China proclaims itself a secular country. But that is not what it looks like. For a first-time visitor to China, the most astonishing aspect of the country is the worship of wealth. The mayor of London may like to be seen riding around on a bicycle. That is not the style of the mayor of Beijing.

Even China Daily, a sort of hymn-sheet to the Communist party, reads like the FT much of the time. It reported this month that there were more Rolls-Royces bought in China last year than anywhere else on earth, that Audi now sells more of its brand there than in Germany, and that the company confidently expects to exceed its target of 1m sales between 2011 and 2013, "as long as we can grow annually at 8%", as a senior executive blithely asserted. The target was set less than a year and a half ago.

It is all surface froth, of course: there will still be 1,299,000,000 Chinese who do not buy an Audi. But it is the flaunting of wealth that is so shocking, because the entire economy floats on a sea of migrant workers willing to go anywhere for a day's pay. You can hear them hammering on the construction sites and see them clambering across the half-built highway towers from dawn until long after dusk. Victorian Britain was perhaps similar, and the smog of Charles Dickens's London finds its counterpart in the murk that envelopes Beijing on windless days and tears at your throat like sandpaper. Beijing – once, apparently, a charming ancient city – has been torn down and replaced with a traffic-jammed assortment of functional concrete blocks, interspersed with the occasional stunning pieces of modern architecture.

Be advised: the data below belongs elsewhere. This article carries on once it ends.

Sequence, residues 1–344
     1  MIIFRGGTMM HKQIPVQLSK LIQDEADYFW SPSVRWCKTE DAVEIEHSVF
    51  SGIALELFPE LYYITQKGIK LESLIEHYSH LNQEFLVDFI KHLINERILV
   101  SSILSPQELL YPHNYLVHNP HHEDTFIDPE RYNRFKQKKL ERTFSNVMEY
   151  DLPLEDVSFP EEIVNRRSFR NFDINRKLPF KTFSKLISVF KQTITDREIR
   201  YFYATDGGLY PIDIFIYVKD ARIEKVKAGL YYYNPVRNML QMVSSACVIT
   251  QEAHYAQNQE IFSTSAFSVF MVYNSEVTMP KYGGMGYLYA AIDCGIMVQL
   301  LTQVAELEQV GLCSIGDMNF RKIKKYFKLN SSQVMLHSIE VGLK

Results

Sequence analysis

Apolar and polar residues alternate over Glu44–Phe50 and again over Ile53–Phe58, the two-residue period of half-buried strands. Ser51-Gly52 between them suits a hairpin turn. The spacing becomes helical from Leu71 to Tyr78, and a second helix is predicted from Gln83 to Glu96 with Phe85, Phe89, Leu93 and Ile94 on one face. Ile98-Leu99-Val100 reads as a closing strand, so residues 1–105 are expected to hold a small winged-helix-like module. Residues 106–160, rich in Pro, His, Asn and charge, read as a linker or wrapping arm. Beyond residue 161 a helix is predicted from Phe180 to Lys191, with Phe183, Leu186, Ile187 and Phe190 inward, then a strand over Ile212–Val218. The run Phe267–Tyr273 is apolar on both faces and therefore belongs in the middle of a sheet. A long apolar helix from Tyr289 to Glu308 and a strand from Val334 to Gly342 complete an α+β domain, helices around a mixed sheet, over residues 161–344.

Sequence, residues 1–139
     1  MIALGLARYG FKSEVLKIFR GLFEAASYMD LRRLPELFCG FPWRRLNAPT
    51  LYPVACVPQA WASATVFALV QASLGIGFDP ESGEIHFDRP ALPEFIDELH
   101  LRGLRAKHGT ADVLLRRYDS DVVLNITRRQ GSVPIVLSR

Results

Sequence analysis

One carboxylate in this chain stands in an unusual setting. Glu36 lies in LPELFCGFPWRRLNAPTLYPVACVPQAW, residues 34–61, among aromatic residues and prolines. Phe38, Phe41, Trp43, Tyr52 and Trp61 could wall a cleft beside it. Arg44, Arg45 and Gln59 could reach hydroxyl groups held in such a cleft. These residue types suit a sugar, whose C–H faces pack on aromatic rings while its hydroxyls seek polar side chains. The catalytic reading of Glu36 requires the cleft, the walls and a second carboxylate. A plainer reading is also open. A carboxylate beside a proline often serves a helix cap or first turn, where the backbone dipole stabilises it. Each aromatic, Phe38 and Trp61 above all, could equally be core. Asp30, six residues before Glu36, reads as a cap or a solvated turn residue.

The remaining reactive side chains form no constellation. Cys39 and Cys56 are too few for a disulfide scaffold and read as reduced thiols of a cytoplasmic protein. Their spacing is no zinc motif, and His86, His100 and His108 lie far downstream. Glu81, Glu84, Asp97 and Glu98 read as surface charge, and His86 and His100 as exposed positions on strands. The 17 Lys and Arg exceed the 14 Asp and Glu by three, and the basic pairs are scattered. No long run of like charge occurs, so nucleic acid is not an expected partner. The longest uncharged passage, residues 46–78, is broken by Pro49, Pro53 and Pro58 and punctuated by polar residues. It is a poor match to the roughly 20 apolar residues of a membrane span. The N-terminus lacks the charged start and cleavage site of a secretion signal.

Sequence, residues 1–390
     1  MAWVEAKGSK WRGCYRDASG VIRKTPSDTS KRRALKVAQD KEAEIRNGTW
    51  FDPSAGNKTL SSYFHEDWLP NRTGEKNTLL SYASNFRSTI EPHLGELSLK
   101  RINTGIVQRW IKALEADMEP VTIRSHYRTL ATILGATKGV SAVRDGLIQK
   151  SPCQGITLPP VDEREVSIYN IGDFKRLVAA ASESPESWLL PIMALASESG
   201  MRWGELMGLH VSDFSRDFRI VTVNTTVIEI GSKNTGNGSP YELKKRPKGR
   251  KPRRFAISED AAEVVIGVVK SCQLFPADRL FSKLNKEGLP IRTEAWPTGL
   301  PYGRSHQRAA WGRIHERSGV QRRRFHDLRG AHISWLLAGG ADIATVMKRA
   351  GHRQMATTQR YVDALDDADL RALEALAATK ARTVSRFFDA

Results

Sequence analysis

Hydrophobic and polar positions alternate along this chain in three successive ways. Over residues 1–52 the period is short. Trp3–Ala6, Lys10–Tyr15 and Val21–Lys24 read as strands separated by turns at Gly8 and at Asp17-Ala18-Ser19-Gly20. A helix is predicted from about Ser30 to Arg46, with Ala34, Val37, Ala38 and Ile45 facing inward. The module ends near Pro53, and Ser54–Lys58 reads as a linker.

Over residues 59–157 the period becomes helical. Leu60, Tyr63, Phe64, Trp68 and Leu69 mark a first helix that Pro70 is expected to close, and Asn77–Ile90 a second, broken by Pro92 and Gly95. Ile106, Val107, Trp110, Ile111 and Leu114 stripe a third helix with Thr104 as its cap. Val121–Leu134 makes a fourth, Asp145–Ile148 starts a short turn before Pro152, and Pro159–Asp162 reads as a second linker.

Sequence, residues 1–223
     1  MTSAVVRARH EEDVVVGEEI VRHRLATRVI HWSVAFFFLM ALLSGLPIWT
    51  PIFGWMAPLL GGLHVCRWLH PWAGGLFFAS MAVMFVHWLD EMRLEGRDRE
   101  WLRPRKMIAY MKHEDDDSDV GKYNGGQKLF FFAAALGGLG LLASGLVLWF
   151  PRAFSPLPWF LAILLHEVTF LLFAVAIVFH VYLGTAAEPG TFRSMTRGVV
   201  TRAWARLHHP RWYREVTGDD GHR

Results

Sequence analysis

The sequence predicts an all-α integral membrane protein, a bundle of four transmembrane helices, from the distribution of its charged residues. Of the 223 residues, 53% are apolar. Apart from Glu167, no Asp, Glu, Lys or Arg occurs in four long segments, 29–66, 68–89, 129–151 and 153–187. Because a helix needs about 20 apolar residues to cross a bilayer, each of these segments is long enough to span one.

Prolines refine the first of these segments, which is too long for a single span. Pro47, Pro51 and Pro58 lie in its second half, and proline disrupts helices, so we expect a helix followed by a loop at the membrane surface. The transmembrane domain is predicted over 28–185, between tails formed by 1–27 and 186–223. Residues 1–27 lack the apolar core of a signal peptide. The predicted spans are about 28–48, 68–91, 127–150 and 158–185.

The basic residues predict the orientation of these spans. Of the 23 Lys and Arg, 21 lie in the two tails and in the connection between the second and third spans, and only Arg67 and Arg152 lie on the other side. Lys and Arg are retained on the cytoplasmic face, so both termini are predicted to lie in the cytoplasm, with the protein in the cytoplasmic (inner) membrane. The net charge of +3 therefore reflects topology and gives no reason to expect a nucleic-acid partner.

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Response to Tansy_Gold (Original post)

Mon Jan 23, 2012, 10:20 AM

42. Is Our Economy Healing? By PAUL KRUGMAN

 

http://www.nytimes.com/2012/01/23/opinion/krugman-is-our-economy-healing.html?_r=1